AMANI CLUBS

Cohesion team targets students in peace drive

NCIC official says their minds are not corrupted, hence can spread peace

In Summary

• About 700 students took part in this years' national peace debate championships. 

• Amani Clubs set up in over 2,500 schools with more than 120,000 students as active members. 

East Africa Schools Debate Council coordinator Clement Eyinda during the launch of the 2nd annual Amani Peace Clubs national debating championships at St Thomas Girls' High School in Kilifi
AMANI DEBATE CLUBS: East Africa Schools Debate Council coordinator Clement Eyinda during the launch of the 2nd annual Amani Peace Clubs national debating championships at St Thomas Girls' High School in Kilifi
Image: ELIAS YAA

The National Cohesion and Integration Commission has turned to secondary schools in their bid to quell tribal confrontations in the country.

The commission believes students have the key to cohesion, hence its support for the Amani Clubs National Debate.

This year’s four-day debate at St Thomas Girls’ High School in Kilifi brought together 70 schools and more than 700 debaters. It ends today.

NCIC senior programme officer Richard Nderitu said on Wednesday that students have demonstrated a high degree of cohesion as they live as a community despite their different ethnic and economic backgrounds.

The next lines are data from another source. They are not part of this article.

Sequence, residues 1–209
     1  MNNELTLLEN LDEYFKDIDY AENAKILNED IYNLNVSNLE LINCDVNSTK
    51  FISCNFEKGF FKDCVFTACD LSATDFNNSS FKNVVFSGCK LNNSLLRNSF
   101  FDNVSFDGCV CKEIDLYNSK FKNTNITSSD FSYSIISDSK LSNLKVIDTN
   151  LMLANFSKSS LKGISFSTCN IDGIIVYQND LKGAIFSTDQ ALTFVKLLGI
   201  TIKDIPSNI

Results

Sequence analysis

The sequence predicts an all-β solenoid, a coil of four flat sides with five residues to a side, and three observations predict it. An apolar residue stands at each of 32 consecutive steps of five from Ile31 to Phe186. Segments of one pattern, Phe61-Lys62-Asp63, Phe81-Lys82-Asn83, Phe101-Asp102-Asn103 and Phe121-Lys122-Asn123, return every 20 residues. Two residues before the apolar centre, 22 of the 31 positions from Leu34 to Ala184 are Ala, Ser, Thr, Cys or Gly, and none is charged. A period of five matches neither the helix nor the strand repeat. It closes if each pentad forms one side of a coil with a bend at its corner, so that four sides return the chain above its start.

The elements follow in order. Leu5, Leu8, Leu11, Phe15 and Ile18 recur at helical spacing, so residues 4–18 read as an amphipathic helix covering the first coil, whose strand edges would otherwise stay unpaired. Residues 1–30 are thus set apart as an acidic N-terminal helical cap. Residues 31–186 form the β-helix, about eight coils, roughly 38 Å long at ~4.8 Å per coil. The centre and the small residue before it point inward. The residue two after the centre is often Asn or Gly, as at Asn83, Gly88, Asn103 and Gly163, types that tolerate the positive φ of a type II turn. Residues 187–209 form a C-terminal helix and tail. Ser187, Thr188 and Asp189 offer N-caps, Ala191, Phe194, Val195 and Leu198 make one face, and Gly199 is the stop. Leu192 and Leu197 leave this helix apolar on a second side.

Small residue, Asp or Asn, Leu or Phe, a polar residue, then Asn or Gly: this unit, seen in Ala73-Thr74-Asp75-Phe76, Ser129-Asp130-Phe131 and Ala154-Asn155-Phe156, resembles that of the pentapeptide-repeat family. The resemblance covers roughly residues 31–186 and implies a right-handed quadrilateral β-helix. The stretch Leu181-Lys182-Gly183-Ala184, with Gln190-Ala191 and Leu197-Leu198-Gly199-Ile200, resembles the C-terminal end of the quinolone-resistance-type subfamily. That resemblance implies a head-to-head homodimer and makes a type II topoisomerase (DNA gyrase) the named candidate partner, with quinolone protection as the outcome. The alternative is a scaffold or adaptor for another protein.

“Amani clubs are aimed at inculcating values right attitudes and promote appreciation of diversity tolerance and peaceful resolution of conflicts. So far, under Amani clubs, we have trained 2,000 teachers across 29 counties to promote and establish Amani clubs," Nderitu said.

 These teachers and patrons have established functional Amani clubs in over 2,500 schools with more than 120,000 students being active members, he said.

The NCIC official said the minds of secondary school students are not yet corrupted. As such the learners are the best messengers of peaceful cohesion.

The students also undertake peace and cohesion initiatives in the community.

The conflict between Rwanda and Uganda also came up during the debate.

East Africa Schools Debate Council coordinator Clement Eyinda said the tiff has derailed efforts to take the debates across East African countries but expressed optimism that the matter will be resolved.

EASDC championships bring together debaters from Kenyan, Rwandese and Ugandan secondary schools.

“Initially we were doing very well. The poor relationship between Rwanda and Uganda has affected our debating programme for the East African Region. In April, we had a tour of patrons for Amani peace clubs and EASDC in Rwanda. We expected to be joined by patrons from Uganda but they did not turn up. We are calling for a truce between the two countries,” Eyinda said. 

Kenya Secondary Schools Heads Association Coast regional coordinator Seif Dzillah said the Amani debating clubs have helped reduce rampage in schools.

This year’s debate is the second and it has shown a great improvement.

“Last year, we held the debate in Nakuru Boys’ and Girls’ high schools and we had 20 counties represented. The number has greatly increased. We know the peace crusade is gaining momentum," Dzillah said. 

“We are targeting the Northeastern areas and some Rift Valley areas where there are conflicts." 

Edited by R.Wamochie